A study by Ludwig Cancer Research has found how to revive a potent but functionally inert subset of anticancer immune cells that are often found within tumors for cancer therapy.
Led by Ping-Chih Ho of Ludwig Lausanne and Li Tang of the École Polytechnique Fédérale de Lausanne, the study describes as an immune factor known as interleukin-10 orchestrating the functional reactivation of T lymphocytes (TIL) that infiltrate tumors (terminally depleted), which have so far been shown to be impervious to stimulation by immunotherapy. It also shows that the factor, when applied in combination with cell therapies, can remove tumors in mouse models of melanoma and colon cancer. The conclusions are presented in the current issue of Immunology of nature.
“We have verified, for the first time, that terminally depleted TILs can be directly rejuvenated so that their potent anticancer activity is restored and that this rejuvenation is achieved through metabolic reprogramming of the TIL. cells induced by interleukin-10, ”said Ho, an associate member of the Ludwig Institute for Cancer Research in Lausanne.
Deprived of oxygen and vital nutrients within tumors, TILs are the most capable of killing cancer cells they tend to push into a stubbornly slow state known as exhaustion. Recent research has identified two different types of depleted TIL. One of them, known as “progenitor-depleted” TIL, can recognize cancer cells with nominal efficiency and proliferate in response to blocking PD-1 immunotherapy. But it is their offspring, the “terminally depleted” TILs, who are best equipped to detect and destroy cancer cells. However, they have functional disabilities, are prone to self-destruction, and are unable to proliferate.
“Even the PD-1 blockade cannot restore the function of these terminally depleted TILs,” Ho said. “In fact, many patients do not respond to PD-1 blockade because their tumors do not have depleted progenitor TILs and only have terminally depleted TILs. That is why researchers are looking for ways to revive terminally depleted T cells by in cancer therapy “.
Three lines of evidence propelled the current study. First, Ho and his team recently he showed that terminally depleted TILs could be functionally recovered by restoring the health of their mitochondria: the bean-shaped organelles of cells that generate energy and help regulate metabolism. Second, IL-10 is known to stimulate cancer immune responses and has been tested as a therapy for lung cancer in an early-stage clinical trial, albeit with mixed results. Finally, IL-10 was recently found to restore the mitochondrial form and reprogram the metabolism of immune cells known as macrophages.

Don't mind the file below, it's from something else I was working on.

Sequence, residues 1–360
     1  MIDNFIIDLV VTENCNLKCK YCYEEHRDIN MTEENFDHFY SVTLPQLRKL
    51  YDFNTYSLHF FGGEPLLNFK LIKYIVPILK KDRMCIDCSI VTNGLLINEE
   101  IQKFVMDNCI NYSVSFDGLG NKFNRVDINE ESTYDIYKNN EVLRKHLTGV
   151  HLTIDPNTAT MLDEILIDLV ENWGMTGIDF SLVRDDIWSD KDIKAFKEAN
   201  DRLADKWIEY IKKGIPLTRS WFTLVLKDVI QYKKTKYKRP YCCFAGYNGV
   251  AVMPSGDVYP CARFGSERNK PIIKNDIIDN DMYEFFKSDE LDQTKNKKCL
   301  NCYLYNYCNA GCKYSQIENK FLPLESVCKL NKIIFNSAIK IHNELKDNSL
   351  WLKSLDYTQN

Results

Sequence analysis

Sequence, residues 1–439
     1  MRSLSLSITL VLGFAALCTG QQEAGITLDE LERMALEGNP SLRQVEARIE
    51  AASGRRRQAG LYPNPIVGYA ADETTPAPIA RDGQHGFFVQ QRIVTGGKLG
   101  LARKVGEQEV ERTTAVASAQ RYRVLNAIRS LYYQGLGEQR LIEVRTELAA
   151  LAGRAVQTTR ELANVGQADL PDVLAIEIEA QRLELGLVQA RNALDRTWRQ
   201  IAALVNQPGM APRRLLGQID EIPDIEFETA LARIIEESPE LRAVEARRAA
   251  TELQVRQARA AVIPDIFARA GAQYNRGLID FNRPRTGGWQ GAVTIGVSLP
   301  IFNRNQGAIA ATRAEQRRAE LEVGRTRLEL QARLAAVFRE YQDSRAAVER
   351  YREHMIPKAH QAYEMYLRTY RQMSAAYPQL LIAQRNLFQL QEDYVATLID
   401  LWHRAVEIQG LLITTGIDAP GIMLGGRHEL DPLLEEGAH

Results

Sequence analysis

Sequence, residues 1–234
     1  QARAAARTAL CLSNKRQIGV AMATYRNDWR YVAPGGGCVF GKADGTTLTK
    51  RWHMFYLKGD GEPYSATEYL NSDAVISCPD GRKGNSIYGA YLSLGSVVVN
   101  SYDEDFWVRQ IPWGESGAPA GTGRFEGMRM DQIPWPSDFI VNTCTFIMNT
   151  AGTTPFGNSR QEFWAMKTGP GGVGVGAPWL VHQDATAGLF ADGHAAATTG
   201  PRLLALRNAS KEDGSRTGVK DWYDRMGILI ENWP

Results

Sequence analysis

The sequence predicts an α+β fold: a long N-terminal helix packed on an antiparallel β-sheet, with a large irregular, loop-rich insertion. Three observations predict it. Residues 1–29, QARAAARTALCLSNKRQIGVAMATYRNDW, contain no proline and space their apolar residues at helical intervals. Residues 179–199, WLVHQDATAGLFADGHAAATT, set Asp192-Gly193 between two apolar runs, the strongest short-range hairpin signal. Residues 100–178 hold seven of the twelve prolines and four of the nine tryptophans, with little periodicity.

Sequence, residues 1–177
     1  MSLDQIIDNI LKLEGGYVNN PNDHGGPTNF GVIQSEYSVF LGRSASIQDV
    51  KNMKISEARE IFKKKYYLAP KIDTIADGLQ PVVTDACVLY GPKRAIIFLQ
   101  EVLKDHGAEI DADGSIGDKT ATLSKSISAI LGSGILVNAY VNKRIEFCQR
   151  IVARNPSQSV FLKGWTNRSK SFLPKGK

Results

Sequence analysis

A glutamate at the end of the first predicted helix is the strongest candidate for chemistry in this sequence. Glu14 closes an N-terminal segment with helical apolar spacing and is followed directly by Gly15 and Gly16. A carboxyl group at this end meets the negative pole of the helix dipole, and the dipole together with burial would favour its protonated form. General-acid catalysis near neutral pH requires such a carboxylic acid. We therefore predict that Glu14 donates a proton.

Ho and colleagues questioned whether IL-10 could similarly influence terminally depleted TILs.
To find out, they added a designed, long-lived version of IL-10 (IL-10 / Fc) to adoptive cell therapy (ACT) —the infusion of tumor-targeted T cells to treat cancer — and tested the combination on a melanoma mouse model. Treatment increased the number and functionality of terminally depleted TILs and resulted in regression and tumor cures in 90% of treated mice, compared with limited regressions with IL-10 / Fc alone and none with ACT only. It should be noted that 80% of the surviving mice developed an immune memory for cancer, spontaneously rejecting the same tumors implanted two months after therapy.
“This suggests that if IL-10 is added to ACT, it could confer long-term protection against cancer growth,” Ho said.
The researchers also tested IL-10 / Fc in CAR-T cells, designed to target cancer cells with specific molecular markers. CAR-T cells treated with IL-10 / Fc induced complete cures of approximately 90% of implanted mice colon cancer tumors.
Ho, Tang and colleagues found that IL-10 / Fc acts specifically on terminally depleted TILs, not on parent-depleted TILs. They also showed that it reprograms the metabolism of terminally depleted TILs, starting with the process they use to extract energy from nutrients. This, in turn, leads to radical changes in their gene expression programs, which drives their functional reactivation and proliferation. IL-10 / Fc had the same effect on human TILs and also on CAR-T cells.
Researchers are now investigating the precise mechanisms by which metabolic reprogramming alters gene expression patterns in terminally depleted TILs. They are also conducting preclinical studies to advance the application of their findings to humans. cancer therapy.
Yugang Guo et al, Metabolic reprogramming of IL-10-terminated CD8 + T cells enhances antitumor immunity, Immunology of nature (2021). DOI: 10.1038 / s41590-021-00940-2
Ludwig Institute for Cancer Research
Citation: A research study finds ways to revive potent immune cells for cancer therapy (2021, May 24) recovered on May 24, 2021 at https://medicalxpress.com/news/2021-05- revive-potent-immune-cells-cancer.html
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